PC gamers and gaming mice (mouses?) are like knights and swords – one the master, one the necessary instrument of destruction. For some, it matters very little which piece of plastic and/or metal and/or rubber and/or other material lies beneath their sweaty palms, but for some, for those select few “hardcore” gamers, the right mouse can make all the difference in the world. Thus, the “gaming mouse” was born.
I’ve always preferred PC gaming to the limiting interface and horsepower of consoles, but I never cared much for the type of mouse I used, that is until I played with a dedicated gaming mouse at a press event for the first time. From that day forward, I’ve become intently concerned with not only the look of my mouse, but the feel, the texture, the customization and the personality of the monster itself. Any PC gamer will understand – the mouse makes the gamer just as much as the gamer makes the mouse. Alas, like people, not all mice are created equal.
GX Gaming’s Maurus X Gaming Mouse is something I wanted to love with all my heart and I really, truly tried. In fact, in a lot of ways, I really do love it. The dark black body with bloody red accents is sleek, sexy and intimidating. While opening the package I couldn’t help but feel I was about to handle a piece of top-secret military hardware. The 50 grams of built-in internal weight made sure that it not only looked the part, but felt the part as well. The main highlights of the exterior design however, are undoubtedly the vivid pulsating lights. The middle stripe of the scroll wheel and the palm-placed logo both pulsate with the same bright, red illumination the company’s website is known for – and I really, really dig it.
Everything about this mouse screams customization – which is the number one turn on for most any PC gamer. You can adjust the intensity and frequency of the logo pulsations, you can adjust the DPI settings on the fly, set up DPI setting profiles for hotswapping and programmable macro buttons. It may not have as many knobs, levers, switches and whistles as some of the decked out mice you can find on the internet, but it comes fully loaded in terms of functionality and attractive design. If your rig is sporting some nice liquid cooling with red LEDs, you’d be hard pressed to find a mouse that better matches your setup.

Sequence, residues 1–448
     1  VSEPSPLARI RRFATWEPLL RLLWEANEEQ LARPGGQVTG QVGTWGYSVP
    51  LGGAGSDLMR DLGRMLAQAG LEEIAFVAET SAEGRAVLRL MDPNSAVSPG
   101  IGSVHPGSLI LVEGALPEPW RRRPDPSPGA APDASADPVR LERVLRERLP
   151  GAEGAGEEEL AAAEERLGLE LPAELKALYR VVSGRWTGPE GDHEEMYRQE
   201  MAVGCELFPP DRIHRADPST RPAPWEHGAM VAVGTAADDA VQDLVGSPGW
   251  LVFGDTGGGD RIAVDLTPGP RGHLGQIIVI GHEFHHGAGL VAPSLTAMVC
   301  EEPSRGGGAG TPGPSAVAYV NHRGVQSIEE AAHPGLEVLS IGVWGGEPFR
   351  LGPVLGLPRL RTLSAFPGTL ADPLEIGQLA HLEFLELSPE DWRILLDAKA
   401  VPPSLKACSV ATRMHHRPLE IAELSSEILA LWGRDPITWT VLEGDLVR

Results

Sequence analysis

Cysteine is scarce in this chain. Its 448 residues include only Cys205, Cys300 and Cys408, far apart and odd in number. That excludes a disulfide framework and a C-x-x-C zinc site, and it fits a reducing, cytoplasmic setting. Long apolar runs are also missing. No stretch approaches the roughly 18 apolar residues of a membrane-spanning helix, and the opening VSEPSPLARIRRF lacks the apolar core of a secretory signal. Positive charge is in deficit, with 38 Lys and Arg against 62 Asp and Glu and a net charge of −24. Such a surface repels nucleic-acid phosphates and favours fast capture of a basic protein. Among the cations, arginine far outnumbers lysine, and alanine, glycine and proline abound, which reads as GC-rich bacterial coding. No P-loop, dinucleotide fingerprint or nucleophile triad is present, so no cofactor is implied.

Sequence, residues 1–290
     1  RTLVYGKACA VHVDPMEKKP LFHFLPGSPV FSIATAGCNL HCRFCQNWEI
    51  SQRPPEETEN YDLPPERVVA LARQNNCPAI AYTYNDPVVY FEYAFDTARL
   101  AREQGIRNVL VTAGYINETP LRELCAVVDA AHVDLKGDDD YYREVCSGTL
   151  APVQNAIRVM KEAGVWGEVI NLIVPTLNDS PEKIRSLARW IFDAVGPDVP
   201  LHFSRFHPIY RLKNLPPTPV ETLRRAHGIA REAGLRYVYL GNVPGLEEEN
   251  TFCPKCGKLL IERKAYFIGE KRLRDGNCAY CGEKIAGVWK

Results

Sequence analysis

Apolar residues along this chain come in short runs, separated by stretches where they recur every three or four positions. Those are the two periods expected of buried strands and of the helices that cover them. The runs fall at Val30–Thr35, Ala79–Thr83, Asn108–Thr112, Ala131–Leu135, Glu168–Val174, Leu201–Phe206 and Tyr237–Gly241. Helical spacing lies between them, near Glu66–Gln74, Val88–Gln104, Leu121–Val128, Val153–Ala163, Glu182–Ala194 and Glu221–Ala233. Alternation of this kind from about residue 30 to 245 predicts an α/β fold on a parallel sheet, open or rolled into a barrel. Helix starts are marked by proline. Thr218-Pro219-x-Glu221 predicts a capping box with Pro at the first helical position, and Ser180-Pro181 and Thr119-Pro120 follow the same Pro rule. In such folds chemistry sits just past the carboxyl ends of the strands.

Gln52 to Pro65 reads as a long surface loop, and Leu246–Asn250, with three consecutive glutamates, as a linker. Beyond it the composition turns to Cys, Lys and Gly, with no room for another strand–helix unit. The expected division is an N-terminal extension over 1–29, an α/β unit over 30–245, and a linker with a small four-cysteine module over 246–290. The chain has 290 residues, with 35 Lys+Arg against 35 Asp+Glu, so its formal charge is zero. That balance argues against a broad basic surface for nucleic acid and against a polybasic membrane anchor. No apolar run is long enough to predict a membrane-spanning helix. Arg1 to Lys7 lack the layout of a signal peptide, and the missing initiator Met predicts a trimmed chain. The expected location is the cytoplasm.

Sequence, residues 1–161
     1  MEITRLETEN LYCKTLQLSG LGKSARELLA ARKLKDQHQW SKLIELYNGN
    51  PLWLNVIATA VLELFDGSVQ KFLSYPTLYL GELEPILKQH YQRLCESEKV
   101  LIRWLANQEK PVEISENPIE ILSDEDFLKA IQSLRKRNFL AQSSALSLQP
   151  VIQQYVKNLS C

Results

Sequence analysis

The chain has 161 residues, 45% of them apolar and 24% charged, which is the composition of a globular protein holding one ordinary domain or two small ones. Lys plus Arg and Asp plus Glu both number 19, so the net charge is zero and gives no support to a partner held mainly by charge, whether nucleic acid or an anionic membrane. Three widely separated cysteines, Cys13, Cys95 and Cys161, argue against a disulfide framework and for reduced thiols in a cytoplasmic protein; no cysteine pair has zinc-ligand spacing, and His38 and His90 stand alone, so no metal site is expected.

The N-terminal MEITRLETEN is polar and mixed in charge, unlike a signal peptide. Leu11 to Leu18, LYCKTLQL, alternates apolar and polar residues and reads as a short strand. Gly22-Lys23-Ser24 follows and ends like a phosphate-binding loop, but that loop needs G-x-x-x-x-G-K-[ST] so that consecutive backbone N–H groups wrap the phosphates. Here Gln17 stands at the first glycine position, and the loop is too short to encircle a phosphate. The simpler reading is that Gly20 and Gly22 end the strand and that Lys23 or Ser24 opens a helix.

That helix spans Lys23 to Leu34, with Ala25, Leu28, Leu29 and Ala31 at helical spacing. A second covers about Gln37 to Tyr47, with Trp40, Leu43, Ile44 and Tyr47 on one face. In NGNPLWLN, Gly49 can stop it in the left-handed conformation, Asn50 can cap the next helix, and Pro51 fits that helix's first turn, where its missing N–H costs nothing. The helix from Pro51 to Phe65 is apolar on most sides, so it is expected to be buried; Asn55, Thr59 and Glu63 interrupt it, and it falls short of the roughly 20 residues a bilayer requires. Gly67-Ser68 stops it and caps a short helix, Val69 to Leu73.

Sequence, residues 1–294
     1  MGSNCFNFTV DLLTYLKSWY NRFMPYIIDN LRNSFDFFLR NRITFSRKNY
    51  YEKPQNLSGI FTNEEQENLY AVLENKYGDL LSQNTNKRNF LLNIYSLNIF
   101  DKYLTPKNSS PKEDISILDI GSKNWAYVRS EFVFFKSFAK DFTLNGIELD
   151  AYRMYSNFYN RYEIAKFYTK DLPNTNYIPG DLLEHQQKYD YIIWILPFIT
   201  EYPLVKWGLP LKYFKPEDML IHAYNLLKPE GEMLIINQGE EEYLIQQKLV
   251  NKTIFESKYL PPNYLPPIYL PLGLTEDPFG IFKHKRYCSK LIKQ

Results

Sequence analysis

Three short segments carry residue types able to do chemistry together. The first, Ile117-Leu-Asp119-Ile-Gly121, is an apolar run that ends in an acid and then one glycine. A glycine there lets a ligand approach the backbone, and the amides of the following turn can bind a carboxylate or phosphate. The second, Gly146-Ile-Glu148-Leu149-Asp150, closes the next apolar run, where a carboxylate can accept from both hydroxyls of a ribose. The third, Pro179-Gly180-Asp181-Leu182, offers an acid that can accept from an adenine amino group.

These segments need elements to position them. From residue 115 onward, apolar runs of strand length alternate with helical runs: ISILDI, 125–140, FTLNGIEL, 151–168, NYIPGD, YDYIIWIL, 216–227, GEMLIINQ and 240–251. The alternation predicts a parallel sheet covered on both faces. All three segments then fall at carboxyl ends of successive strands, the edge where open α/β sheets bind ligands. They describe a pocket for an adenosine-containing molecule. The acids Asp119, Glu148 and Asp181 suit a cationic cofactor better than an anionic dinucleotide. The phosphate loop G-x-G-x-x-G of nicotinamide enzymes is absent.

Feature List and Evaluation
- Ambidextrous design
- Up to 30 macro keys
- 5 different game profiles
- Maurus X User Interface for macro management
- Customizable, mouse speed, double click speed, scroll speed, sensitivity, polling rate and DPI
- Up to 4000 DPI
- Switch between five preset DPI profiles or change in increments of 100 on the fly
- 1.8 meter braided cable with gold-plated USB connector
- 50 grams of built in, internal metal weight
- Pretty lights
All of that stuff is definitely included and I can thankfully report that none of it is coated in any marketing speak – it’s all accounted for. However, the key point of contention, for me personally, is the ambidextrous design. I’m sure there are plenty of left-handed PC gamers that like to customize their control schemes and allow for left-handed mouse controls – I get that. The issue with designing a mouse to “work with both hands” though, is that it never feels comfortable for either hand. Ever. There is never going to be an ambidextrous mouse that’s more comfortable for a right-handed gamer than an ergonomically right-handed mouse and vice versa for the lefties. Maybe it’s just force of habit, maybe it’s the way that I grip the mouse, or maybe I’m actually 100% right here, but the fact of the matter is that something designed specifically to feel good for one hand is always better than something designed to feel “not terrible” for both.
Granted, after several hours of use I started to tolerate it. Let’s move past that and assume “good enough” is okay for you (which it shouldn’t be). The next biggest issue for me when evaluating a mouse is precision and response time. Regardless of how much I tweaked and tried to optimize the settings, the mouse always felt a bit off. I tried it on my laptop and on other computers and ran into the same issue – it felt jittery. Often times, I could release the mouse and not even be touching it, yet the cursor would frantically skirt around in circles on my screen. This was compounded by the fact that it seemed to lack to pixel-precision needed for a gaming mouse – I often had trouble highlighting words while word processing, or even clicking icons on my screen – it was that inaccurate at times.
When actually playing games, it performs much better. Maybe it’s because I don’t consider myself an elite FPS or RTS gamer so I didn’t notice as much (yeah, probably that) but in the heat of battle I seemed to not care as much about the fact that I couldn’t click on my units eyeball with ease – clicking his forehead was good enough. MMOs played great as well, but I still found myself missing the familiar comfort of my Logitech G700 that I have grown so accustomed to over time.
Final Verdict: Decent
GX Gaming’s Maurus X is a fine PC peripheral and an exquisite specimen of how truly attractive a mouse can be. The sleek design, deep colors and wonderful lights really captivated me in the moments that encapsulated opening the box to plugging it in. However, once I laid my hands on the beautiful beast and put it through its paces, I ended up feeling a bit dissatisfied compared to expectations.
For more details, check out the official info page on the Maurus X here and be sure to let me know your thoughts in the comments below on the mouse and other gaming mice in general!